Experiencing Xerostomia : The Enduring Exertions of Dry Mouth
Xerostomia is the condition where one does not make enough saliva. This is commonly referred to as dry mouth. Producing ample saliva is important to oral health and the lack can lead to several problems, notably if you require restorative work.
Saliva not only keeps the mouth moist but also cleanses by flushing food and harmful bacteria from the teeth and gums. The moist oral environment provides the lubrication necessary for speaking and eating. An adequate amount of lubrication is obligatory to chew and swallow.
It’s normal to feel parched, here and there. A dry mouth is not unusual, especially in older adults. But if it is persistent it is best to see a dentist or general practitioner to determine the cause and address any underlying ailments.
Lack of saliva can cause problems including:
- oral thrush, and other infections.
- halitosis or persistent bad breath.
- decay, cavities, gingivitis, and other mouth diseases.
- enduring sore throat or hoarseness.
- struggles eating, speaking, or swallowing.
- chapped lips.
- dryness of the sinuses, eyes, or facial skin.
- amplified thirst.
- sores, pain, rash, or discomfort of the lips, tongue, and overall mouth.
- troubles with tastes and smells.
- complications wearing dentures.
Causes of xerostomia
Xerostomia occurs when some cause triggers the salivary glands to generate a reduced amount of saliva. The most likely reasons for dry mouth are:
Medications: A vast list of drugs, both prescription and over-the-counter, can diminish saliva production including:
- Antianxiety meds and antidepressants
- diuretics, a drug that increases the flow of urine and encourages the removal of fluid from the body.
- Anticholinergics, used to treat urinary disorders.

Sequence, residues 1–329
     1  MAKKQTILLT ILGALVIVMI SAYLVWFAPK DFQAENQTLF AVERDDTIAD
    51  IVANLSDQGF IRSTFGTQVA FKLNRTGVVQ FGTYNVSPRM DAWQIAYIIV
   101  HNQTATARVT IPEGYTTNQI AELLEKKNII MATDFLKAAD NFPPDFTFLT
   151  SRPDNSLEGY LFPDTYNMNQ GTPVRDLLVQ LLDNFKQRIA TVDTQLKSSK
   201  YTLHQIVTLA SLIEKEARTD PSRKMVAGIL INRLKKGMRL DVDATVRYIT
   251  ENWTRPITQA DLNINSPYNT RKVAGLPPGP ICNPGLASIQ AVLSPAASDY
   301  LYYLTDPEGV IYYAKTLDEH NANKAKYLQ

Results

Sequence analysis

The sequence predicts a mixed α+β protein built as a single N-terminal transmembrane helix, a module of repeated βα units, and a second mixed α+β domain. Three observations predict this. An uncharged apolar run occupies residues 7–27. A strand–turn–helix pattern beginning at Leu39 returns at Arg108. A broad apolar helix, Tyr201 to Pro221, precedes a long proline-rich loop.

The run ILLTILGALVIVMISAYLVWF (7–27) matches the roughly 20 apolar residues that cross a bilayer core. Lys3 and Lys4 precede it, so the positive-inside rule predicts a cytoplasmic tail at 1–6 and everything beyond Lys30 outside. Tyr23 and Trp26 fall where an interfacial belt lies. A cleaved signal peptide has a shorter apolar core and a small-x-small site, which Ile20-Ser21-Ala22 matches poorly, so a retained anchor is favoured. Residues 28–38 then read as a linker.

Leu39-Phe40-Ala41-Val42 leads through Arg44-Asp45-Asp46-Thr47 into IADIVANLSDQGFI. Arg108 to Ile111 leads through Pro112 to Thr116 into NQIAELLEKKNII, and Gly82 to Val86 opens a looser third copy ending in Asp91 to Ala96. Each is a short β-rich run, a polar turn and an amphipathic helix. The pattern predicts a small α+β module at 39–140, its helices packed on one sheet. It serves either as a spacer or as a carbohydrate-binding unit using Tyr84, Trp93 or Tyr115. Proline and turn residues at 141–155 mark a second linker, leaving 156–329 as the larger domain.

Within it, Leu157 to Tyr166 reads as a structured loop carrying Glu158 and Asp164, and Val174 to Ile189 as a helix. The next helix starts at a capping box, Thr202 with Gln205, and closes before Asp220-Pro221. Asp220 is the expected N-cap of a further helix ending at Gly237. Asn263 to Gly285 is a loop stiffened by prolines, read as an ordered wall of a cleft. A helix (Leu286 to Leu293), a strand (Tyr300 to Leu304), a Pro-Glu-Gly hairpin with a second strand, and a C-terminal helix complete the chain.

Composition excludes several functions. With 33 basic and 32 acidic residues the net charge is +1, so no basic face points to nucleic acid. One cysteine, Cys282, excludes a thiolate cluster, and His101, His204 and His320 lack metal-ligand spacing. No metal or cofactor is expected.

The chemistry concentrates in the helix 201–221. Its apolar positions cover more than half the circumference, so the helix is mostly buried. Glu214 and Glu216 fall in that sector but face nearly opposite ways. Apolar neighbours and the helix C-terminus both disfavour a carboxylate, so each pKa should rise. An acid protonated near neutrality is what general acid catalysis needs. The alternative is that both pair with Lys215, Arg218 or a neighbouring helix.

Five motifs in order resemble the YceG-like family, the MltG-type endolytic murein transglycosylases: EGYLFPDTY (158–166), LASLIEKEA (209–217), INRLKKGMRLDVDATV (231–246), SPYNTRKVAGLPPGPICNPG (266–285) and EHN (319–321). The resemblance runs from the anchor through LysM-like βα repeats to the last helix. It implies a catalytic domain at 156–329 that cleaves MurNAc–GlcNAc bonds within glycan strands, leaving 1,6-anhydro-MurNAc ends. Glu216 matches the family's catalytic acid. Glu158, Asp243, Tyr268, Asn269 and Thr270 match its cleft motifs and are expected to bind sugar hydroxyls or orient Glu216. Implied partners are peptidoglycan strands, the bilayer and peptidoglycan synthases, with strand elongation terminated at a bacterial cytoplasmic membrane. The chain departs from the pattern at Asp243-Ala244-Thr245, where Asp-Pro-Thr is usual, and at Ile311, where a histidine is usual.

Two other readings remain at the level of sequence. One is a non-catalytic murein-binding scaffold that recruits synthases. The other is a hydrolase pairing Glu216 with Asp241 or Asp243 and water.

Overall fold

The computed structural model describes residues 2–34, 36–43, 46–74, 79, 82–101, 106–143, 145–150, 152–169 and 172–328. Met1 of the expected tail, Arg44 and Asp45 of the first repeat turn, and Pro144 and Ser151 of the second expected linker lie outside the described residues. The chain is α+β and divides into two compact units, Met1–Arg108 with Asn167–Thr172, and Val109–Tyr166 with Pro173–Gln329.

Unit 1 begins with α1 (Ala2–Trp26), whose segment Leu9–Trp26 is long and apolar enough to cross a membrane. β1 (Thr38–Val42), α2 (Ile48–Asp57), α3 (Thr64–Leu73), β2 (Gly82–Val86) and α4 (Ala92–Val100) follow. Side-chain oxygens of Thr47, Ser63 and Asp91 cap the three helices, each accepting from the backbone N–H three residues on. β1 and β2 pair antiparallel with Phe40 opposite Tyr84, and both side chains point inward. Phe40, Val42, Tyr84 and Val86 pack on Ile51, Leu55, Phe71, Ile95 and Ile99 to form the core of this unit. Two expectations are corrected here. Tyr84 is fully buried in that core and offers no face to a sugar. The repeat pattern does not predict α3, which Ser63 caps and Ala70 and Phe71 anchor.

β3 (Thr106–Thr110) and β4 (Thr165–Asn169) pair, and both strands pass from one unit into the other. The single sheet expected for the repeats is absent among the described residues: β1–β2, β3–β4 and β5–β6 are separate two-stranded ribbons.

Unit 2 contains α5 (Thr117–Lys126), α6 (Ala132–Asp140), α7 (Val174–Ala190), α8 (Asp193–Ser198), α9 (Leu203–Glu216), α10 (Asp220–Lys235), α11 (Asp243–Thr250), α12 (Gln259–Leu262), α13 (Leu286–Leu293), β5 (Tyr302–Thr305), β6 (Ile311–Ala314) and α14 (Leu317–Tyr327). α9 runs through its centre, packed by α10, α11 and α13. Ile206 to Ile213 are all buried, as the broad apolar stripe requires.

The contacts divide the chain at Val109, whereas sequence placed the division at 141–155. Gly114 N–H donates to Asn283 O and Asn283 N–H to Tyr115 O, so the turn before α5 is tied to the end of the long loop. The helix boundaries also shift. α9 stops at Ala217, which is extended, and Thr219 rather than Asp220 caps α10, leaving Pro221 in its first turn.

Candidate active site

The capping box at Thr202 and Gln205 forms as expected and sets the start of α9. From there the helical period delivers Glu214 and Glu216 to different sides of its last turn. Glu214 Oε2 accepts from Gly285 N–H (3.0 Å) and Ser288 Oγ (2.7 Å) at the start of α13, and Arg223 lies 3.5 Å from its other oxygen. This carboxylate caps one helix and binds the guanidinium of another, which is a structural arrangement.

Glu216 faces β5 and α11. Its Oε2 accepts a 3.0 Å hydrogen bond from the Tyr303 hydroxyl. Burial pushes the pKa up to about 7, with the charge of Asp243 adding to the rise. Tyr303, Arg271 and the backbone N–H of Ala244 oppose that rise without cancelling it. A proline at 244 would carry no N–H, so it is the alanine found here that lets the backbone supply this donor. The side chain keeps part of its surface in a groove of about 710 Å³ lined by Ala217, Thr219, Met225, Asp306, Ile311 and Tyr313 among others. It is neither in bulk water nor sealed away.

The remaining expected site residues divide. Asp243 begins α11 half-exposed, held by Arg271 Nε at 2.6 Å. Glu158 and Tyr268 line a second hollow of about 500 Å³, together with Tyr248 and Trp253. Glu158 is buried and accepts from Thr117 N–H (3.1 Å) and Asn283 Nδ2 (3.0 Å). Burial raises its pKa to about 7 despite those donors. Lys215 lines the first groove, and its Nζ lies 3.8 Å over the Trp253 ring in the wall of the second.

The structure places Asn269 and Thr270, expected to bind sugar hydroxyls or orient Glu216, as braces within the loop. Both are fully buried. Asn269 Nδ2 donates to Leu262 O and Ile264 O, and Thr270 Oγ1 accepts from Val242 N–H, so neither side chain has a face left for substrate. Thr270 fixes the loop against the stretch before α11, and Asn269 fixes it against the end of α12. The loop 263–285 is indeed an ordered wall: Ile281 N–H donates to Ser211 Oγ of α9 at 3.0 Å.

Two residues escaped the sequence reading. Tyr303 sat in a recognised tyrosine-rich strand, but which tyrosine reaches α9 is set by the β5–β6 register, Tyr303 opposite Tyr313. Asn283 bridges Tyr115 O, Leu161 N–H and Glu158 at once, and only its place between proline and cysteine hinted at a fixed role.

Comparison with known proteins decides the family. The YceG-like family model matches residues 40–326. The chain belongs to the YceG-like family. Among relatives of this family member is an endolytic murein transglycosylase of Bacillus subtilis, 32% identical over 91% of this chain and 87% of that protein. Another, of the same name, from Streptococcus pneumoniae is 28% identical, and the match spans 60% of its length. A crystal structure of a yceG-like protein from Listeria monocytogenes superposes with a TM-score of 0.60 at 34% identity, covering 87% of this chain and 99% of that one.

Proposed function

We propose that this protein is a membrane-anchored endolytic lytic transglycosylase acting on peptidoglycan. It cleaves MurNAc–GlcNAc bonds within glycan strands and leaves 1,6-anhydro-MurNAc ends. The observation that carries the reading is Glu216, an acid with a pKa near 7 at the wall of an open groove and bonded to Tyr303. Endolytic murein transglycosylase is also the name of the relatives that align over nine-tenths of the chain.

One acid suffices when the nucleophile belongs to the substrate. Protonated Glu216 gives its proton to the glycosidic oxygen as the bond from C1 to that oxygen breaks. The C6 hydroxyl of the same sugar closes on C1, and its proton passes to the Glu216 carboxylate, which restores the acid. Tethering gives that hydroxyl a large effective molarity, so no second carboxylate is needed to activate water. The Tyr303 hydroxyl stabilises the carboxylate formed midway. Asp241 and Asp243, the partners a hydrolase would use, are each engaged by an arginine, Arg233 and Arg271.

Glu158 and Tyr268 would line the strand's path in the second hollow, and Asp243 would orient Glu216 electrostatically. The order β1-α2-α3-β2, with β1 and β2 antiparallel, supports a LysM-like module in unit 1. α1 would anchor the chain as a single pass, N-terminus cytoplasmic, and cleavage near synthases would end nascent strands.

- Antihistamines and decongestants
- Some pain meds
- Medicines to lower high blood pressure.
- Parkinson’s disease prescriptions.
- Radiation therapy that centers on the neck or head.
Dehydration: If you don’t drink enough, or if you sweat a lot, your body might be short of enough fluids to produce saliva.
Anxiety or nervousness
Mouth breathing: If you have congested sinuses, you may breathe through your mouth, especially during sleep. Drying out the airways.
Medical conditions: Dry mouth can be the result of other health concerns, such as diabetes, stroke, Alzheimer’s disease, and Sjogren’s syndrome, an autoimmune disease that prompts the body to attack the glands that make moisture.
An excellent oral hygiene routine, including regular dental visits and taking adequate care of your mouth, will help prevent dry mouth. If the cause is an associated illness, then the treatment will depend on the origin. To promote saliva production some remedies can alleviate symptoms and ensure your mouth retains moisture.
- Sip on a lot of water and other sugarless fluids, frequently, throughout the day.
- To keep the air and space moist, use a humidifier, especially while sleeping.
- Instead of the mouth, focus on breathing through the nose.
- Use gravy and sauces when eating dry foods.
- Chew and suck on ice cubes or hard, sugarless candy or ice pops. Try gums sweetened with xylitol, a sugar alcohol found in plants, to stimulate saliva flow.
- Use oral lubricants designed to remedy a saliva deficiency sometimes. Also called “saliva substitutes” or “artificial saliva”, they are available in spray, gel, or lozenge form.
- Pilocarpine is a prescribed tablet taken several times a day to help rouse the salivary glands, which may also cause sweating and headaches.
- Toothpaste and mouthwashes, specifically created to heal xerostomia.